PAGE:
The Courier News from Blytheville, Arkansas on January 11, 1968 · Page 7
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The Courier News from Blytheville, Arkansas · Page 7

Blytheville, Arkansas
Issue Date:
Thursday, January 11, 1968
Page 7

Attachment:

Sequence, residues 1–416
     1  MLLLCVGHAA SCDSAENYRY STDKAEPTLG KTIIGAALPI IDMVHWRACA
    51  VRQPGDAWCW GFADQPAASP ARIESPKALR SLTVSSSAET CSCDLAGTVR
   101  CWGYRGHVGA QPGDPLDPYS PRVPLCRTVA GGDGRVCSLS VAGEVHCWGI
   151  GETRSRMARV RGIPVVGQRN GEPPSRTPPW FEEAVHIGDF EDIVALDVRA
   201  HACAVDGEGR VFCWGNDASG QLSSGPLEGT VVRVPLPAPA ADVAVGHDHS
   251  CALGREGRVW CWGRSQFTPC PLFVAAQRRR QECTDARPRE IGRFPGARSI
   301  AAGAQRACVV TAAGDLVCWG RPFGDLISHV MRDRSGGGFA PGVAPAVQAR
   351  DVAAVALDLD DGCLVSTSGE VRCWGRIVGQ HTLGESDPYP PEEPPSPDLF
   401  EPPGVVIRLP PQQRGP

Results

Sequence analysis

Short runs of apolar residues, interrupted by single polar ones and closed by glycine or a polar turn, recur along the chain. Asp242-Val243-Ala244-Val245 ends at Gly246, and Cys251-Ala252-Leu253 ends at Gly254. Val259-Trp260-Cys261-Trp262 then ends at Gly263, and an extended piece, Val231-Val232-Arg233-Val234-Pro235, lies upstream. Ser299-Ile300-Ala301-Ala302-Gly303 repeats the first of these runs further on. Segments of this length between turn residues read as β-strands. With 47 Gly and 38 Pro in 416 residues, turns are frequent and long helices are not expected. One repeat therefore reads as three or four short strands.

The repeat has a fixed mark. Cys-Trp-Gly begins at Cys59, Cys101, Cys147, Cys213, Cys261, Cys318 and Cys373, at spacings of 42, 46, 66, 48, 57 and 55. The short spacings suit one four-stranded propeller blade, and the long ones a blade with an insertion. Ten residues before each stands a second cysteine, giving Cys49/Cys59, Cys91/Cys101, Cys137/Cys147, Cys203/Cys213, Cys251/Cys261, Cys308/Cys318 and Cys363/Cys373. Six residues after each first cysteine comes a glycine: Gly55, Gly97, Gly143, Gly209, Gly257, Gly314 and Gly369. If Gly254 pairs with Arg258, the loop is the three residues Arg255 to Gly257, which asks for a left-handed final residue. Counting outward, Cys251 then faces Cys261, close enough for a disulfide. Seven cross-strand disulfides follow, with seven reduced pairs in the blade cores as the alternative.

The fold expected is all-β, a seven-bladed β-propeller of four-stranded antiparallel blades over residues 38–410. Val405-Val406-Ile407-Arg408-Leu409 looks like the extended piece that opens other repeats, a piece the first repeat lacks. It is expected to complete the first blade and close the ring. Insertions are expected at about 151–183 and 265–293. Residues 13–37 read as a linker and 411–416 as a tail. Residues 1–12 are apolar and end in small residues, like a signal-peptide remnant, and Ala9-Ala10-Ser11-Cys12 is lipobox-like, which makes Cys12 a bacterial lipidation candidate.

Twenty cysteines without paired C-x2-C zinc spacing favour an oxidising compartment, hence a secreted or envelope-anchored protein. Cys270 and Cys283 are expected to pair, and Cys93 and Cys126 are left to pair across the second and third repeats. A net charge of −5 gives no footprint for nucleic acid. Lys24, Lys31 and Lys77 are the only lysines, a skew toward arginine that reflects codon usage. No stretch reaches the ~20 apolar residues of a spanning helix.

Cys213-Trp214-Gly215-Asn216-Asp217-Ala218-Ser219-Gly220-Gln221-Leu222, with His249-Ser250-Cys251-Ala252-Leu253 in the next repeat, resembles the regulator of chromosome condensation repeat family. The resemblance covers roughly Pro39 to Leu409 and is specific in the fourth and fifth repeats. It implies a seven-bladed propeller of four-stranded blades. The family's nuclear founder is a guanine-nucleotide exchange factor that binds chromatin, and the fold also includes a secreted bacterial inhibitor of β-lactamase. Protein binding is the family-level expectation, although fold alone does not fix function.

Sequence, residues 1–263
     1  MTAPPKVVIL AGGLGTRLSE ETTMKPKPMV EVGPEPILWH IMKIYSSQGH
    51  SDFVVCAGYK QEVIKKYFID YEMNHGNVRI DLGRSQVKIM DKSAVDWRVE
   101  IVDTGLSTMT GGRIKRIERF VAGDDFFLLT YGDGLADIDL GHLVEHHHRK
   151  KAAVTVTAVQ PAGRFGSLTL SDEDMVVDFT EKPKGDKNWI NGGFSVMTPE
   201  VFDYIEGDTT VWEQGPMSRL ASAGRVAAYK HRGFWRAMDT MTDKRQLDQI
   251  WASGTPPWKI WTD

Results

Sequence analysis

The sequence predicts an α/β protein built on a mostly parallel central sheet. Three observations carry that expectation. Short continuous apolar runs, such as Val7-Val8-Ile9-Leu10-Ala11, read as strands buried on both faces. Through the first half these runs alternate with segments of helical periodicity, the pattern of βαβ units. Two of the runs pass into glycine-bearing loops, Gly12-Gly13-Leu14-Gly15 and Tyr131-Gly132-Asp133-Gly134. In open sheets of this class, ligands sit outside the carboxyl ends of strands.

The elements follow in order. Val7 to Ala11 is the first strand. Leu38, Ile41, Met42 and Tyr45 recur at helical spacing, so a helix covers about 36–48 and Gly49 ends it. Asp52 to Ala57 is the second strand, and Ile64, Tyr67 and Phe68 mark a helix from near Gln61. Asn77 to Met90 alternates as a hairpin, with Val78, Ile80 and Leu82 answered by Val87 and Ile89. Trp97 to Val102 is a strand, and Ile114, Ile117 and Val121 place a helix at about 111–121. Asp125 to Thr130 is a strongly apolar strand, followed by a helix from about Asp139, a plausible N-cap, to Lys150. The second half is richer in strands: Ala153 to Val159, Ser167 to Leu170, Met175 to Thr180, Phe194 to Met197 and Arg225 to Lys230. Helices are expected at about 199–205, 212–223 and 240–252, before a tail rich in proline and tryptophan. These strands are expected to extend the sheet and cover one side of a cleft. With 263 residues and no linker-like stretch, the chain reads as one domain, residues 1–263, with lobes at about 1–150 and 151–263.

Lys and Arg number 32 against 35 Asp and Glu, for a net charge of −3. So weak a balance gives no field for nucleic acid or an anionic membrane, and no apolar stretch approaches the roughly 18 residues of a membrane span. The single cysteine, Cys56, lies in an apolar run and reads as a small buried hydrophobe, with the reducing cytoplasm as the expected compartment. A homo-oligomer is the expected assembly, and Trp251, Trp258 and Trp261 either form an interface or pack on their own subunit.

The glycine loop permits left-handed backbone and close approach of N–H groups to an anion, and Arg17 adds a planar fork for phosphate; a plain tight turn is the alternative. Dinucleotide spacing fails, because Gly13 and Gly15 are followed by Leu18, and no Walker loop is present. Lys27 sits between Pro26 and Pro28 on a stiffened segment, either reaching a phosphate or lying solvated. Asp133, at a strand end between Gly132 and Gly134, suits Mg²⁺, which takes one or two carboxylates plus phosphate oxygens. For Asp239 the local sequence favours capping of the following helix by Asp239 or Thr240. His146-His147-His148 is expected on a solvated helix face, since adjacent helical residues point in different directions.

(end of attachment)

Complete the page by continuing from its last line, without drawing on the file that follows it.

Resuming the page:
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«Sfli«vflle (Ark.) Courier New* — Thursday, January It, MM- Page Reserves Still Short on Equipment By FRED S. HOFFMAN Ap Military Writer WASHINGTON (AP) - U.S. Army divisions and brigades nlzing their gear. In May 19W the Senate preparedness subcommittee corn- that form, a strategic reserve to P lained stateside divisions were . meet any new crisis abroad, are j burdened with over-age vehicles short nearly one-fifth of their .and tracked iquipmtnt which major equipment. !„„ BeW d riven « tn excessive This situation exists more that numhsr nt miles" two years after the Defense De- num6Br of ml partment began putting in heavy orders for gear and supplies to support a big military buildup for the Vietnam war Asked for a report on the present equipment situation in the strategic reserves, the Army replied Wednesday: "The active Army divisions and brigades currently stationed in continental United States have on hand approximately 82 per cent of their authorized . .major end items equipment." The Army defined a major end Hem as' one which in itself performs a function" such as trucks and tanks. The new report said fewer than 12 per cent of the major items on hand ire lesi than first-line quality. The preparedness subcommittee charged in March 1M< that the Army's divisions in the United States were not combat, ready because they were being used to train draftees and recruits. Secretary «-f Defense Robert S. McNamara acknowledged this was to, A separate Army report, furnished on request to The Associated Press, showed this problem has been overcome. The ire below full slrenfth tnd Unit, lourcel Mid, ran|e between »J per cent and 100 per cent, of full manpower, There art four Army division* in the strategic reserves. They *r« the lit Armored Division and tnd Armored Division, both it Ft, Hood, Text*: the !th Mechanised Division it Ft, Carwn, Colo.; and the find Airborne Division at Ft. Brill, N.C. A new division, the «th Infantry, li beginning to tike shape It Ft. Campbell, Ky, It will probably dot be combat-ready until lat* this year. When the United States decided to take the big plunge in Vietnam in the summer of IMS, the Army'l Mriteglc reserve wss made up of eight divisions plui two brigade*, jt estimated only about one- Army said no basic trainees re- half of the shortages will be: main in the ranks of it* divi. filled by June 30. Beyond an across-the-board psrcentsge the Army declined on security grounds to provide a detailed breakdown of abort items. But while the strategic reserves are short of their allotted equipment, the Army apparent* ly has made progress in moder- and brigades in the United Furthermore, virtually al! those units are at 100 per cent strength, with many pf their men Vietnam combat the Army said. Only two divisions, one mechanised infantry and one an armored division division, NOTICE Proposed Budget of Expenditures Together with T« Uvy for Fiscal Year Beginning Julyl, 1M9 to and Including June 30, J970, The Board of Directors ef Gomel! School District No. I of Mississippi County, Arkansas, n compliance with the requirements of Act 403 of mi and of Amendment 40 to the Constltu- ,ion of the State of Arkansas, ave prepared, approved, and ereby makes public the pro- osed budget of expenditure* ogether with the tax rate as ollows: 'eachers Salaries .... $466,810 General Control ........ 20,000 nstructional Cost (Operating Fund) 'ransportation Deration Of Plant Also forming in Important part of the strategic reserves are two Marine divisions, the 2nd based at Camp Lejeune, N.C,, and the 5th at Camp Pendleton, Calif About one-third of the 5th Marine Division It in Vietnam, i Roughly the tame illce of the 12nd Marine Division is afloat on normal rotation duty in the Mediterranean and Caribbean or stationed at the U.S. Naval Base at Guaiitanamo Bay, Cuba. Sources said both Marine divisions have some minor manpower gaps but are in pretty good shape so far as equipment is concerned. Kidney Danger Signal* (icUlns up Blunts kitffilns. Jt»- qurni or ncaniy (low, lee or buck palm m»y warn ol fiinrilonai k d. nry disorders — "Uanscr Ahead." Give .1 tcnlli- UK with BUKDTS (lake only :i labs a day for 4 days). Regulate passage, ease aches and pains or your 48c Hack. NOW at Klrby Drue Co. Guam Is the largest and most; populous of the Mariana Islands. FAT OVERWEIGHT Available to you without a doctur't prescription our product called 0al- nwn Vou miMt loee ugly («( or your mono; back Qalaiinn IB a tub. Ut ftnd easily Bwallnwefl Oet rid ol •new (it anH Mn longer Galanon costs $3.01) Is (old on this tuar. vtnc: 11 no\ faulted foi anj rea.. ton jimt return the package to jnuj drusglet ant) get voui full mon^y back. No question asked Oalaxnn . ts (old with thin guarantee by: 8t*'-irt'8 Drue Store—200 B. MAia : Mall Of fen «!!«« Dawdling Ho May Create Red Boon By JAMES MARROW I AP News Analyst WASHINGTON (AP) *~ The North Vietnamese and the Viet Cong have good reason to kick themselves for dawdling. At the! same time Ho Chi Minh, the chief dawdler, may have done communism one of its greatest favors. The dawdling was in failing to try'to Uke oyer South Vietnam faster/The favor v?as jn niaKing Americans, after their experience in 11)15 war, perhaps a li> tie more' reluctant to get into another one lifce Hi It's impossible at this time to. draw a sharp distinction, if any, between the Viet Cong and Communist North Vietnam. It can be assumed, until history proves otherwise, that Ho Chi Mmh's North Vietnamese were the directing force and chief hllper in men and supplies for the Viet Cong When the Viet Cong, in the late 1950s, began tlieir guerrilla war to overthrow President Ngo Dinh Diem's government of Soutiv Vietnam, they operated on a smajl scale compared with the forces in the field now,. The shadow of the United States, which had been backing Diem since 19N, lay aero?! the country, But it was hardly a frightening shadow then, It had been helping Diem hut there Lawrence F, OWw t J* clode » ewMHHiW btmlK the likeness of Thomas Jefferson and a 10-cent air- bated on a "tone-fort' jwr> trait sued Jan. i. was go certainty <hjs would get into war for him, Even by I960 the United States had only 7«§ men there, not as a fighting forc.e but s§ as, sistants, consultants and trainers. The Viet Cong increased in numbers and MK*.s* ag the years passed. By the ed of 1JHS4. this country had 18,000 men in Vietnam nut by then the Sajgpn .government was in danger. Diem had proved no match by himself for the Viet Cong which tjie country throttled. Yet, although In all the years since 1954 the United Stales had stayed out ef the fighting, it was something the Viet Cong and North Vietnam had to think about. What would the Amerj. can? do if the Viet Cong w«e on the verge of taking over the country? Recent history wai not a pej* feet guide. In the years after World War Jl the United states had helped Ghiwi Ka his nationalists on mainland China but stood aside when the Chinese Communists crushed him tolly and took ever the mainland, But the United States tad done exactly the oppeslto when, after withdrawal from South Korea, the. North Korean Reds Invaded it in 1950, Immediately the United States Wimfed bwk la and wai involved far yews IB war ftat drove the North " rean? baek to where they hM started, ' So the. Viet gong; and Vietnam would only guess what this country might do if " Vietnam were near tetal ? by the Beds. Apparently they assumed 'the united States would not get involved. It wai a. wrong guess. They", proceeded «tewly in. stead of using their utmost effort to take, ever South Vietnam fast before the United States, which had been building up its forces en a tiny scale, eoul? make up It? mind about iRt«r> vening, Once the Communists had taken eor,tro!, this country might very well have decided it was too late to move in. Although this country now saems determined to see the war to an end, H has been i costly, bloody, drawn-wit struggle, thanks to the dogged deter mination of Ho Chi Minh, an< the end is not in sight. This county, split over war, has been forced into bitter soul-searching. President Johnson has not only lost some pbliti cal power but has been abusec more intensely than any presi dent in Uiis century. This exparlence-the east of tli* war in lives and money, the division of thinking and unhip- pin«ss at home-may nuke flw United States «lot more reluctant to get involved in the future for the sake of a small nation in Aiii or elsewhere threatened by Maintenance of Plant ... 25,000 Charges ........ „ SO,W :apital Outlay .......... 10,000 3ebt Service ............ 1?,000 To provide for the foregoing proposed bu,dget of expenditures he Beard of Directors proposes i tax levy of 45 mils. TO? t»X evy includes the present contln- ing levy for the retirement of •resent indebtedness. aiVJEN this. «th day of Jan. isry, 1968. Gosnell School Dlstriot No. < f Mississippi County, Arkansas. C. A. Moody, President of ioard Andy Bevill, Secretary ef| Board. 141 35,000 47,000 NOTKSE Proposed Budget of Eipendi- 4res Together with Tax l«vy or Fiscal Year Beginning July , 1969 to and including June 30, 970. The Icard of Direetors ofJ0ell School District No, 33, ef Missis* ippi County, Arkansas, in oon> slianoe with the requirements of ict 403 of 1951, and of Amendment 40 to the Constitution of lie State of Arkansas, have pre- tared, approved, and hereby make public' the proposed budget of expenditures together with the tax rate as follows: Tegchers Salaries .... $162,781 ,...,.. Control :, MM nstruetional Cost (Operating Fund) . . 7,000 um 14,309 15,500 ' JU7J . Operatipn of Plant , tfaintenanee of Plant Fixed Charges ,,,,, Capital Outlay ..„ . Debt Service To provide for the tefegon tepaied bufliet ef exf endjtures: e losfd' of Blreotors nrepses a tait levy »f 51 mill!, This tt* levy Includes the pjesent eontto' «in| levy fW ** Mtiremejit ef present indebtedness, r f jVBN this «n day of January, }$M. Dell Schwl District No, 33 ej Missisiipp! Gminty, Artansis. John Iteveni, Pfe.!Wwt ef Boyle WHITLEY Office Supply Magnetic Bulletir Boards For Home or Of flee e Typewriter* - Blectrlc • Brief CM** • Label Markers • Art SuppJie* •Bealui t FH« Cibinets Le f wni . Servtee . Retrteb Jl? W. Walnut PO I-880J TERRIFIC SAYINGS DURING HAYS GIGANTIC JANUARY SALE • Girl's Winter Sportswear • AH Girls Coats • Metis and Boys Jackets, Sweaters and Dress Slacks • Sport Coats • Felt Hats • Ladies Woven Cotton Suede Flannel Sleepwcar By Katz '/2 PRICE LADIES HOLIDAY AND EARLY SPRING SPORTSWEAR Juniors, Juniors PelHea and Misses in a selection of pastel woolens. Va PRICE LADIES FINEST QUALITY NYLON HOSE 400 Needle geamless _ In Popular Shade* • NO REFUNDS • NO EXCHANGES t ALTERATIONS EXTRA • ALL SALES FINAL WARM OUTING FUNNEL 100% Cotton in White and Assorted SoUdi Inches Wid« FAST COLOR PRINTS • 100% Cotton Percale • Assorted Patterns B/G BtlTIR PRIMS 100% COTTON SPORTSWEAR • Fancy Pqtterns ft Solids j* • 43 Inches Wide ( > • Valufs to $1.49 Yd. • PER INCH URGE SELECTION REMNANTS 'A PRICE Hundreds of Yards to \ Choose From JANUARY WHITE SALE NOW IN PROGRESS! rgf Selection Cotton Terry DISH TOWELS , Sp.ciql » f : Attractive 1 Each : Colors .• Sire 24x46 Large Cannon Floral BATH TOWELS lesvy Thirsty Cotton Terry 78 Cqnnon Each WASH CLOTHS In Asiorted Solids, Floral & Plaids sr» IS'- 5 ! 00 BEDSPREADS «f IRRAZO" PED§PPEAJ? by Morgsn Jwts, Most pop, illsr, fall or twm siise, reg, glO,§§ ,.,.,,..,,,,.,...,., Salt Price *7 4 ^ QUALITY THROW RUGS " BBD8PB1AP by Mowsn the ftoei.1, B«. *12.98 ............... »f 106% viscose rayon pile, assorted colors. 24x72 Rug Only $1.48 24x36 Safe Price YELTON INSULATED SPREADS by B«»sen. FM!! e? twin size, Reg. $7,9$. ' . Sale Price ELECTRIC BLANKET Beacon 1 ! Westminester, full bid siie, l^year rusr. •ntee, . $10.98 yolue 99 ALL SALES FINAL NO REFUNDS NO EXCHANGES ALTERATIONS EXTRA